How is the Construction of Walls Regulated?
The guidelines set by the International Residential Code are minimum requirements that must be adhered to, with specific parameters being set to ensure the safety of inhabitants. Walls must be able to support the weight of a roof, sometimes multiple stories, and withstand exterior forces such as weather. These factors are considered with each regulation in wall construction. The IRC states that “wall sheathing shall be fastened directly to framing members and, where placed on the exterior wall, shall be capable of resisting certain wind pressures”. On the topic of strong walls, interior load-bearing walls are held to the same standard as exterior walls, so they are constructed, framed, and fire-blocked in the same manner. This includes following the same fastening schedule, which dictates space, location, types of nails used, and number and types of fasteners. Interior non bearing walls have much more loose restrictions. They are permitted to be constructed with 2x3 wood studs, with the studs spaced 24 inches on center as per IRC code. Each building/design situation must account for different standards of construction.
Top and bottom plates refer to horizontal framing members attached to the tops and bottoms of walls, with top plates supporting the ceiling joists and rafters and bottom plates carrying loads to the floor joists. The IRC states that “wood stud walls shall be capped with a double top plate to provide overlapping at corners and intersections with bearing partitions. Plates shall not be less than 2 inches nominal thickness and have a width not less than the width of the studs.” If a single top plate is used as an alternative, “the rafters or joists shall be centered over the studs with a tolerance of not more than 1 inch.” Meanwhile, bottom plates have similar requirements “studs shall have full bearing on a nominal 2-by or larger plate or sill having a width not less than to the width of the studs.” This is all to ensure the plates can properly support the weight placed on top of them.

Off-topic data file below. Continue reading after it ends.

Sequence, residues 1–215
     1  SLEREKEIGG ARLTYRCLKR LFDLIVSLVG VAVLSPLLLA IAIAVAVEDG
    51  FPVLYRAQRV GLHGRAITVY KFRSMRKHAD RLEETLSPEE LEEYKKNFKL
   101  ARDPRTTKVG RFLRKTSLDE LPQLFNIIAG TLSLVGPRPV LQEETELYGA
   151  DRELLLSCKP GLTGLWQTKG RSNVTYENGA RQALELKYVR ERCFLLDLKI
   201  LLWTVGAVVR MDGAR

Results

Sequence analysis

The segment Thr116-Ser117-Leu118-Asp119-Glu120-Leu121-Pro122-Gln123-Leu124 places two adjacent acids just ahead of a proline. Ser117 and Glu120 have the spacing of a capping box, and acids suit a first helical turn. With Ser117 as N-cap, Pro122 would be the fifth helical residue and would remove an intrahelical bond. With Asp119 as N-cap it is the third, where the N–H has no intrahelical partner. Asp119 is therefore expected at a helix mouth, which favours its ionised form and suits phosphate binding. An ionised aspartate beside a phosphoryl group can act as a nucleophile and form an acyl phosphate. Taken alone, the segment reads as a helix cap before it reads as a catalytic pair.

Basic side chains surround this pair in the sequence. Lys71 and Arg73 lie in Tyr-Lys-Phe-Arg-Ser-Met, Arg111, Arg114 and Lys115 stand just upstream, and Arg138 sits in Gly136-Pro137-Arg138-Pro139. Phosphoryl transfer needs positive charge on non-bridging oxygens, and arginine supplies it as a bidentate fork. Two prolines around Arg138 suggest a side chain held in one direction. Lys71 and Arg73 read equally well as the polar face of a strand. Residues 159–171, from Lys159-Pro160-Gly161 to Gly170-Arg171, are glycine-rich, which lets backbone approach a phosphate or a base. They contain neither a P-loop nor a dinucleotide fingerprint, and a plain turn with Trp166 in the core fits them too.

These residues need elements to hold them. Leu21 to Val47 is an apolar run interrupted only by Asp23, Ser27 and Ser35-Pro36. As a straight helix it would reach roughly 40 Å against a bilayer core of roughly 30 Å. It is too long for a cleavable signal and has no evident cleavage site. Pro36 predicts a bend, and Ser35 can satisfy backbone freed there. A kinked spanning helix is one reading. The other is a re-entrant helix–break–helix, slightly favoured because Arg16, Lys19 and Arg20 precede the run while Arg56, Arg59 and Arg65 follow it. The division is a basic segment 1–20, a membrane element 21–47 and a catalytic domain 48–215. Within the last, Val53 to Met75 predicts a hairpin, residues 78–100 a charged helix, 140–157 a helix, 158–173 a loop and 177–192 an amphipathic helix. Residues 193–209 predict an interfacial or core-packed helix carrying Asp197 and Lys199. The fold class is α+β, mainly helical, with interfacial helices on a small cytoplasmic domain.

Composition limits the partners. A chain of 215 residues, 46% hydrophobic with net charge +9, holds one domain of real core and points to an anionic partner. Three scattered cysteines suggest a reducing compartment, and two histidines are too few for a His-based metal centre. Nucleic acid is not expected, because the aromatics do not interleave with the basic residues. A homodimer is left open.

Headers are another aspect of load-bearing wall construction with specific design criteria. When a wall has an opening, such as a doorway, a header is placed in order to make up for that missing support. Walls are constructed with loads placed on them in mind, and in the event of their absence, headers are installed to take that weight and spread it out. The IRC dictates the minimum design requirements, based on how much a header is supporting (a roof, multiple stories, etc), how many studs are required to support each end of the header, the header span, and so on, with the IRC providing a table to show how these variables must interact with each other.
Walls serve to support a building’s structure, and the IRC guidelines are there to assure that walls can do their job at a minimum. Here at Fine Remodeling, we are your Delaware contractor devoted to making sure to not only construct walls within IRC parameters, but to go beyond those minimum standards. Your project deserves to be more than just satisfactory. Call to review your next renovation project with us so you can be sure it’s done right the first time.
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